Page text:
On Wednesday afternoon, students and youth organizers from across Boston marched on the Massachusetts Transit Building to demand a youth pass.

A mass of protestors built from the Youth Affordabilit(T) Coalition (YAC), Alternatives for Community & Environment (ACE), the Boston Youth Organizing Project, and Youth on Board gathered at the Park St. T stop at 3:30 p.m. The crowd began marching at about 4 p.m., flowing down the sidewalks following leaders in orange traffic vests. Chant leaders with megaphones created riffs off of classic protest chants like, “When transit fares are under attack what do we do?”

“Fight back!” cheered protestors.

Media credit to Ellie Williams

Media credit to Ellie Williams

Unlike many youth-organized protests, the marchers were well versed in why they were on the streets that day.

“The bus passes only work 5 days a week and stop at 11 p.m.,” said Esmeralda Sosa, a 15 year old at Urban Science Academy in West Roxbury. “If I’m out [late], I can’t get home.”

Currently, the MBTA offers a Student Pass that allows students in middle school and high school to ride the for half price. The pass costs $25 a month and, as Sosa said, is valid Mondays through Fridays. Students can also pay $28 a month for a 7-day-pass, but many protestors argued that the price is too high.

Marcus Wade, a junior at Dorchester Academy, said that sometimes, he doesn’t have money to get to work and school.

“If I had a youth pass, I’d be able to get to school and work on time, and I’d be able to save money for something more useful, instead of using it on the bus.”

The Youth Pass Wade mentioned is the current issue in question. And according to protestors, it’s been in question for quite some time.

Media credit to Ellie Williams

Media credit to Ellie Williams

“It’s been 8 years, when are you going to stop ignoring us?” protesters called outside the Transit Building. The leaders of the march claim that transit officials have promised a $10 drop for the past 8 years, but that officials are pushing off the fare reduction for another 8 years. By that time, the students who would be affected won’t even be in the age bracket anymore. Riders believe this is too long, and want change now.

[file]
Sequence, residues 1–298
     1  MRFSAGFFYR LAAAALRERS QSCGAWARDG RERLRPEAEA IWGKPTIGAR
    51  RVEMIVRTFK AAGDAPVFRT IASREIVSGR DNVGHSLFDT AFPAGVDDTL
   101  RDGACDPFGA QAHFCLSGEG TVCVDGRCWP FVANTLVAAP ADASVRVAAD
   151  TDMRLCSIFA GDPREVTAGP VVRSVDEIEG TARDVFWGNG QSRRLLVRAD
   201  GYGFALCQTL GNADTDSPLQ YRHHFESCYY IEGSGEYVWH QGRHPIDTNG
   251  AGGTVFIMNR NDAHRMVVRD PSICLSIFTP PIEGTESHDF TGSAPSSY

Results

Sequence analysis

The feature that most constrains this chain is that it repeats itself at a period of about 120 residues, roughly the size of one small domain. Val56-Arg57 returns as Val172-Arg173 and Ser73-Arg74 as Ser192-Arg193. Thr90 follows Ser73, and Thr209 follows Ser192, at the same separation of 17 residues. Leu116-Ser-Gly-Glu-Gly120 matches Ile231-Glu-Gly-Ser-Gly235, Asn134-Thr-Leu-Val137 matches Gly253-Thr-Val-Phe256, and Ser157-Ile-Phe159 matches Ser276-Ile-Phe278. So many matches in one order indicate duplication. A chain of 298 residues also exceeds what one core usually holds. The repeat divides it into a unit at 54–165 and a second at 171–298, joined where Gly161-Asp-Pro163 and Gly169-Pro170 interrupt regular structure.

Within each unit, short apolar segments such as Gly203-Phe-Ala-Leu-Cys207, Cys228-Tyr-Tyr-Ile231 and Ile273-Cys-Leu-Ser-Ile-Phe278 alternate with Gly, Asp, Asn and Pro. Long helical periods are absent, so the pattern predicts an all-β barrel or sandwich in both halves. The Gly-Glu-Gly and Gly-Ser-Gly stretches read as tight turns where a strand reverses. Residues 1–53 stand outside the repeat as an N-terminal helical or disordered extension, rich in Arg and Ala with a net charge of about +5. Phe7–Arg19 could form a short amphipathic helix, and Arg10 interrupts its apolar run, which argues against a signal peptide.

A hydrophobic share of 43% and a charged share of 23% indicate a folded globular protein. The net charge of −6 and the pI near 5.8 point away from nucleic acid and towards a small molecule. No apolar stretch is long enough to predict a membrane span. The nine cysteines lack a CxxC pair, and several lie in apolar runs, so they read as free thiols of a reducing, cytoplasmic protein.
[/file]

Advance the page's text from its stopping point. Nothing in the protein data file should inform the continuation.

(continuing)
The Youth Pass that the YAC has proposed would cost a mere $10 a month for youth between the ages of 12 and 21—and more importantly, it would not be limited to students. The pass would be accepted at all hours and on the weekends, which matters a great deal to youth across Boston.

“We’ve seen a few acts of faith to address the youth crisis and protect students in fare increases,” said Lee Matsueda, the political director of ACE. Matsueda believes that the Youth Pass would actually raise revenue for the MBTA, not cause the Authority to lose money. He cited the youth pass program instated in Chicago and estimated that a youth pass would bring close to $50 billion a year in additional revenue from the student population.

Although the protest turned out a solid crowd, the rain seemed to deter protestors as the afternoon wore on. Organizers planned for protestors to stage a “die-in” outside the transit building, but upon their cue, “Don’t drop the ball!” only around half the protestors dropped to the ground. The other half stood in the drizzling rain and watched, reluctantly kneeling as the organizers chanted.

Marcus Wade dressed as LEARN: his solution to the Youth crisis. Media credit to Ellie Williams

Marcus Wade dressed as LEARN: his solution to the Youth crisis. Media credit to Ellie Williams

In the past however, the YAC has made progress following their meetings with transit officials. The organization has gained ground in reducing the fare hikes from the MBTA, but is still waiting for the youth pass they seek.

Adanarys Barragan, a 21 year old, explained her need for the youth pass simply.

“I’ve got a hole in my pocket,” Barragan said. “Youth don’t have jobs and we can’t get on the train. We can’t go to school, we can’t go to doctors appointments, and we can’t go home.” 

About The Author

Ellie Williams is one of Blast’s Music Editors and is a journalism major at Northeastern University.

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